Chapman’s antics aside, it’s difficult to stand up for workers’ rights in the Iowa GOP these days—and those who do can be punished for it. (See: Reynolds successfully endorsing non-incumbent Republicans running against sitting legislators who refused to vote for her school voucher bill.)
So perhaps it’s no surprise that Republicans who remain in office either agree or fall in line with Reynolds’ pro-corporate agenda.
“I do very rarely side with Republican views on issues concerning the working class,” said Luis Marmolejo, apprenticeship coordinator for Northeast Iowa Iron Workers Local 89.
Most of the unions’ animus toward the state GOP comes from the anti-union bills passed beginning in 2017, which they contend are anti-worker.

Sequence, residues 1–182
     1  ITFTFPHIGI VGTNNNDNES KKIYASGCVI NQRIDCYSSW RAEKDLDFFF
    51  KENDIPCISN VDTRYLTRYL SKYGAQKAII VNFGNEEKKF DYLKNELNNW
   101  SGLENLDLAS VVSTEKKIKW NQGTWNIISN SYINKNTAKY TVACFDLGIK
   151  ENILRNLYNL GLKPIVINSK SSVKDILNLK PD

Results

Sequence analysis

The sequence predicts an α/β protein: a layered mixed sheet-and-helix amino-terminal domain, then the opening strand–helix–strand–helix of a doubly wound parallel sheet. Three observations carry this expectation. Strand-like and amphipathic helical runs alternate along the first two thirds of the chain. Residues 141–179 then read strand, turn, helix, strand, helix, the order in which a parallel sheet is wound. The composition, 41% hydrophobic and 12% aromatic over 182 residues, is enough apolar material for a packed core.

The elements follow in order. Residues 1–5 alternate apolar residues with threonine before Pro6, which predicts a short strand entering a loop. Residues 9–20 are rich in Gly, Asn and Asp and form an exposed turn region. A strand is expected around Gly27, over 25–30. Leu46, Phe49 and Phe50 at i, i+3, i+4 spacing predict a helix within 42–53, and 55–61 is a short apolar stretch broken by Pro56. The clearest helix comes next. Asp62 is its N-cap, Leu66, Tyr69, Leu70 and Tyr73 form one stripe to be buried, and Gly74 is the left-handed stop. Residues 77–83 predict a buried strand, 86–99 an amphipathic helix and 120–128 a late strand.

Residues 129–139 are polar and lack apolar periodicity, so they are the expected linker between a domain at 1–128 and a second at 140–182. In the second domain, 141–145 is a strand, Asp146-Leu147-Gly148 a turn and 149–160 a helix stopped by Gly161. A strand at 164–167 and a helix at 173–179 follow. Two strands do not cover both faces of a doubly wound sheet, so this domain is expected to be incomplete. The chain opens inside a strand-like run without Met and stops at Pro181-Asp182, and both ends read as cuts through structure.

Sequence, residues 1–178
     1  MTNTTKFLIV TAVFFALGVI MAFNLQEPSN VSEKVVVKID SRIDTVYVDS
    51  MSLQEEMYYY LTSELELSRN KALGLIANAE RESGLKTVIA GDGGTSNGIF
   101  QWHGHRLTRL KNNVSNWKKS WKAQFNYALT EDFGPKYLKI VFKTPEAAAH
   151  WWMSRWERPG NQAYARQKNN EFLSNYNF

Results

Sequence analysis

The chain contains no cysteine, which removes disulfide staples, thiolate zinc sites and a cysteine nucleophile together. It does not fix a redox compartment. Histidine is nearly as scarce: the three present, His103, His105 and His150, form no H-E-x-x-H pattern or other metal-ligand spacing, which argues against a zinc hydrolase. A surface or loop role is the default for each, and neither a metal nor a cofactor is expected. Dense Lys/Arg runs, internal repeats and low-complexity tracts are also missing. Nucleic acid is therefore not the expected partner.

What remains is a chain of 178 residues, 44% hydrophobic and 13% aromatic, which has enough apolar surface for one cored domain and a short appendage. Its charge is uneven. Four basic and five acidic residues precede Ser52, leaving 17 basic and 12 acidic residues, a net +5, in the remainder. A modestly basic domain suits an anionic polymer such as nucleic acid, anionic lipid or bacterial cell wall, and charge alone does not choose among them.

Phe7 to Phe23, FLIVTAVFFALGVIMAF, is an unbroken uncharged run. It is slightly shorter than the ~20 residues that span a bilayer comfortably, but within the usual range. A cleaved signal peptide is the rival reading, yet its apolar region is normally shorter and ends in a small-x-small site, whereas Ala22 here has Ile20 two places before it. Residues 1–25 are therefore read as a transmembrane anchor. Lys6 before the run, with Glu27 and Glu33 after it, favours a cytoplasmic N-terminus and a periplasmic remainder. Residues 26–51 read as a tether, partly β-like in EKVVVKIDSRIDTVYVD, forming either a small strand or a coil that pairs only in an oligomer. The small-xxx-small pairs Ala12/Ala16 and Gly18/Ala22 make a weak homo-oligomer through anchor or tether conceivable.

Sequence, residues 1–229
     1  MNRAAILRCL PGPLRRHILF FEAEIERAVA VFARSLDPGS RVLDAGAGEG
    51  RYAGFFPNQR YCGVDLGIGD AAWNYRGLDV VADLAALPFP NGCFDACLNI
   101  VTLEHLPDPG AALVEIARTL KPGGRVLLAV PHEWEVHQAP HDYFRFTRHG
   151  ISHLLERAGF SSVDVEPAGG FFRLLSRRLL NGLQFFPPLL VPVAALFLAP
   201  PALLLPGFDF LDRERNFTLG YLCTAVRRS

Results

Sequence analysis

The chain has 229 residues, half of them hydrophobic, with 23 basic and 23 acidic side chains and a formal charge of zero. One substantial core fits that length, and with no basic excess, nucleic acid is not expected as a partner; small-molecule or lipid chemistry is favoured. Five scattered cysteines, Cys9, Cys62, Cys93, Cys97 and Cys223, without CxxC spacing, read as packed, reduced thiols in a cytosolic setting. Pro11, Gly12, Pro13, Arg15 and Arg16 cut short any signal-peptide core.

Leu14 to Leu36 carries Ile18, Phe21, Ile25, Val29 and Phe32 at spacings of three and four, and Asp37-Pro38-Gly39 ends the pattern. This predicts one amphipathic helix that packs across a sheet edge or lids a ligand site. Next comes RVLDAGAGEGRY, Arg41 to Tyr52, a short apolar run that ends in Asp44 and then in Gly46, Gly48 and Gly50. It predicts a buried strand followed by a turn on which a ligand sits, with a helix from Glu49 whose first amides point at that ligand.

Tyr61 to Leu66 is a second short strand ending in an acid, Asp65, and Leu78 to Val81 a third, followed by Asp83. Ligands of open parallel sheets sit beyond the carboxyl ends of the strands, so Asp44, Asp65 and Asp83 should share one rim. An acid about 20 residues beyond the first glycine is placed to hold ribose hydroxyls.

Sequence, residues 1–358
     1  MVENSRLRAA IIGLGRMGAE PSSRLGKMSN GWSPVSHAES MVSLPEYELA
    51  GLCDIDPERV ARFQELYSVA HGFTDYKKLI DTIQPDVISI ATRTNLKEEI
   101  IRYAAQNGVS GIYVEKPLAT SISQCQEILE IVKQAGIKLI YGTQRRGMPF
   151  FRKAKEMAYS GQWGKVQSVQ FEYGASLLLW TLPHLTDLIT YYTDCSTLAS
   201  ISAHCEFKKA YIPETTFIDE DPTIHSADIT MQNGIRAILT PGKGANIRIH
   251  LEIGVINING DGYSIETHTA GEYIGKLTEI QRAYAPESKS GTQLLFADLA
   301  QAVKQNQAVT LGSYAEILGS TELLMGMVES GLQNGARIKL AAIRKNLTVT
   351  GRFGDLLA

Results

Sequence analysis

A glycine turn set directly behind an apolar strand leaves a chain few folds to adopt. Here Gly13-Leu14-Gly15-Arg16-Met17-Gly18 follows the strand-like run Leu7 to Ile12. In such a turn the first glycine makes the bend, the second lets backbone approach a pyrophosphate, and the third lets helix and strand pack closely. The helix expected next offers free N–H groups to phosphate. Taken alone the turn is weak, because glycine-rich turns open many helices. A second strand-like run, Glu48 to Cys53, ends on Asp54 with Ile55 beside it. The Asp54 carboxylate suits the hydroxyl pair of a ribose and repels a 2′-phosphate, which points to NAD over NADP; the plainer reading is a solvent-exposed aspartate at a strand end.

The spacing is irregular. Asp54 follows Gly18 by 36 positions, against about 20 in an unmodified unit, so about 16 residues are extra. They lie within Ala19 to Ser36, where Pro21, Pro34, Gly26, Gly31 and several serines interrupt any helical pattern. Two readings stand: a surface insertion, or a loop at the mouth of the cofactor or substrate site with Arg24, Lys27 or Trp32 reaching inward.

“One cannot be pro-worker and anti-union at the same time,” said Rick Moyle, executive director of the Hawkeye Area Labor Council, AFL-CIO. “Without unions, every worker suffers losses.”
Instead, Drew says Republicans convince voters to forget about that, distracting them with cultural issues as they gut workers’ rights.
“With unions now at just over 70% favorability rating among the public because of the value they bring to workers, it amazes me Gov. Reynolds and the Republican Party still attack union workers every opportunity they can,” said Drew. “They are running on a record of deceiving facts in hopes the average worker forgets about what they have done the last 5 years to workers.”
Most Democrats support ‘working family issues’
Save for Charlie McClintock, an Alburnett Republican “who actively attended labor events,” the list of candidates endorsed by Hawkeye Area Labor Council (HALC) this election is very blue.